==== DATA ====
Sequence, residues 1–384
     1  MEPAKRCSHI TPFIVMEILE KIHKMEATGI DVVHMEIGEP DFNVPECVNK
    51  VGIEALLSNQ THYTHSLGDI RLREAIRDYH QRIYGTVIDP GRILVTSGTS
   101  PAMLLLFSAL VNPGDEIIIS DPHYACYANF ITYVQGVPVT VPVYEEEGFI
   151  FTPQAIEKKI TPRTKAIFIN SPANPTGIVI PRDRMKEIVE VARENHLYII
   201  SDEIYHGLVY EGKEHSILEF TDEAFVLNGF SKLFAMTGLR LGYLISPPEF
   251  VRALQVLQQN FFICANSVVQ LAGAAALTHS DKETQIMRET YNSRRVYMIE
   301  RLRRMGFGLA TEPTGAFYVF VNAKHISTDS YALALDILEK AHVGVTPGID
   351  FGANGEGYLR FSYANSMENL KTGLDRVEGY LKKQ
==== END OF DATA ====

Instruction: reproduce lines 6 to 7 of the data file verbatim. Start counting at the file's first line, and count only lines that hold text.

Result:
   201  SDEIYHGLVY EGKEHSILEF TDEAFVLNGF SKLFAMTGLR LGYLISPPEF
   251  VRALQVLQQN FFICANSVVQ LAGAAALTHS DKETQIMRET YNSRRVYMIE